Most people don’t consider riding gloves to be part of one’s EDC load out, though if you commute daily on two-wheelers then we’d argue that gloves objectively fall under the EDC umbrella. And just like with the rest of your EDC spread, everyday use gloves are designed to tick quite a few boxes, needing the utility, durability, and style to lend themselves to prolonged daily use. There are quite a few other styles of gloves that also make for solid everyday gloves, though the selection below pulls off the aforementioned balancing act particularly well.
SPIDI X-Knit Gloves
Some of the lightest gloves on the market at just 0.1kgs (or 3.5oz) — while still boasting CE, moto PPE, and EN certifications — SPIDI’s X-Knit model is an incredibly unique take on daily riding gloves, looking and feeling like traditional warm knitted gloves while affording full levels of protection. Crafted from a highly abrasion-resistant suede microfiber, these gloves also feature touchscreen-compatible fingertips, padding along the sides of the hands and over the palms, and adjustable wrist closures. While they are a bit lacking in impact protection, it’s truly remarkable how comfortable and light these gloves are considering the protection they afford.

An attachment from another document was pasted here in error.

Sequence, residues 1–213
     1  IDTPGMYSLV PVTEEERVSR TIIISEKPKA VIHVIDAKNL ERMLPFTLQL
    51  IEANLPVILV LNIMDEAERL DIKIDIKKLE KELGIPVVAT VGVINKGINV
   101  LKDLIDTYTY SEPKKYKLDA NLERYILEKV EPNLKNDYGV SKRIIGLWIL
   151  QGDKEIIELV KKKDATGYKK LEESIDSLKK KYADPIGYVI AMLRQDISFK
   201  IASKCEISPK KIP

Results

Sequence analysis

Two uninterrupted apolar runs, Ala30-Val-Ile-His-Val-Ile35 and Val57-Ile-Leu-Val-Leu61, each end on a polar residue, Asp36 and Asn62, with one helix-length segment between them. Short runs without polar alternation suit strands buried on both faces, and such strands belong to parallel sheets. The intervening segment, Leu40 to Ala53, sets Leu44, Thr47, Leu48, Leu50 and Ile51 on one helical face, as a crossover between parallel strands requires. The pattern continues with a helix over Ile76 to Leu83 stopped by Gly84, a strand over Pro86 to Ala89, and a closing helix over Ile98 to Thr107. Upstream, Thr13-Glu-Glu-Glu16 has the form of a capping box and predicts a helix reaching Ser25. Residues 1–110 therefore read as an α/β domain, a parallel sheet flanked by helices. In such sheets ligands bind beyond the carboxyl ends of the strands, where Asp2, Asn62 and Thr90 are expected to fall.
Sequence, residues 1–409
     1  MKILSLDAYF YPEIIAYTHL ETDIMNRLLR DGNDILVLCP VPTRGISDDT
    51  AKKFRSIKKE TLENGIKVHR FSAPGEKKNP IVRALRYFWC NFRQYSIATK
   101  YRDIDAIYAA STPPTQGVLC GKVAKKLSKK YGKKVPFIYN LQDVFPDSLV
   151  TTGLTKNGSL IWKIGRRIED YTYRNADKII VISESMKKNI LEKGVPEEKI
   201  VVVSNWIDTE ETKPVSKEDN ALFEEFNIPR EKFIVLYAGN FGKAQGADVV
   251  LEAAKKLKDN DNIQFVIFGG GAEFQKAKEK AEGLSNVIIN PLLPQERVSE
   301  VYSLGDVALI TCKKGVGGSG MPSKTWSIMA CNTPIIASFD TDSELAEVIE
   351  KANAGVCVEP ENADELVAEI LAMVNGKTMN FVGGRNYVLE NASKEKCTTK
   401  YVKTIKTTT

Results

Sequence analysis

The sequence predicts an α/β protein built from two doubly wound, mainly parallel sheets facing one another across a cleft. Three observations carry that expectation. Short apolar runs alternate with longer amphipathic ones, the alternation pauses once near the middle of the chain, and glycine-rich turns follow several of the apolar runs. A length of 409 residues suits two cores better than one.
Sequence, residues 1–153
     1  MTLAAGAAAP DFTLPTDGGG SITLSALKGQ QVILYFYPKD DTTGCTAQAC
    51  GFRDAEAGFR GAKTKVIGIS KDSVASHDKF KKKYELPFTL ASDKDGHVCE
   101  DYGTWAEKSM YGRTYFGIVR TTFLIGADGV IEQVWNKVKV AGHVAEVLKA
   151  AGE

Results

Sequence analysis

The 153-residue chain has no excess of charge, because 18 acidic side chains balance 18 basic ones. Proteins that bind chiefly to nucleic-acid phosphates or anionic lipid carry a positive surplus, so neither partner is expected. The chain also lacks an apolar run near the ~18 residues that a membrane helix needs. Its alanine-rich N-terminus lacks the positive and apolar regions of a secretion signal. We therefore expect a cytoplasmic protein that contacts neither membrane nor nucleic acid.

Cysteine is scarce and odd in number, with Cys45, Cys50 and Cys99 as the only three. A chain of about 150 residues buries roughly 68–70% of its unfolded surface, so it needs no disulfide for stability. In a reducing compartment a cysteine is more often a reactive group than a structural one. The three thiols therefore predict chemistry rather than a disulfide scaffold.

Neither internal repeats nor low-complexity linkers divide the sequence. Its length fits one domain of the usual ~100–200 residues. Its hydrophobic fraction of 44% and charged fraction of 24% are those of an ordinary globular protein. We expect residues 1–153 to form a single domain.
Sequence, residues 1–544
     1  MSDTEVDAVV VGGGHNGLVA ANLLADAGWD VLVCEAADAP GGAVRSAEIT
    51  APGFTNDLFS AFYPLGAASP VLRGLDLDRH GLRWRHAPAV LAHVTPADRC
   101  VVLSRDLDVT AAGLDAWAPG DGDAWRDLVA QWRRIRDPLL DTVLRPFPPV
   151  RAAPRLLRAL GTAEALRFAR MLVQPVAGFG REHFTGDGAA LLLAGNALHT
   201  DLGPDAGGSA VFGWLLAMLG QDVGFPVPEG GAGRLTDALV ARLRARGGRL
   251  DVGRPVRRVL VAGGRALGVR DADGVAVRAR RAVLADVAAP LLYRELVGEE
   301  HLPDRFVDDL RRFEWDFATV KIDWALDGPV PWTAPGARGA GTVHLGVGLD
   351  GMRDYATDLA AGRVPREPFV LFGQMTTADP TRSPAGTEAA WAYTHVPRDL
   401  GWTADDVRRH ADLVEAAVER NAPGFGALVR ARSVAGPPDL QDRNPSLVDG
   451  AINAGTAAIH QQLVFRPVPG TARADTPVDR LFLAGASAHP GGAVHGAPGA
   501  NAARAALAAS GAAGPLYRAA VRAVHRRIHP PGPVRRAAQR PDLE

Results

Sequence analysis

Dainese X-Ride Gloves
Released only weeks ago, Dainese’s X-Ride gloves benefit from a wealth of data taken from MotoGP riders to map out the parts of the gloves most prone to impacts and abrasions. This then allowed the Italian brand to develop one of the best daily use gloves of all time. The gloves are made using a goatskin construction with a single piece of leather that’s backed by goatskin overlays and TPU on the palms and goatskin reinforcements at the palms, thumbs, and trigger fingers. Other highlights include Dainese’s proprietary Distortion Control Protection system which prevents the rider’s pinky from breaking, Ergo-Tek knuckle armor, adjustable neoprene cuffs, touchscreen compatibility, and micro-elastic elasticated inserts afford just the right amount of flex in the right places to make for the perfect fit, no matter what the hand is doing.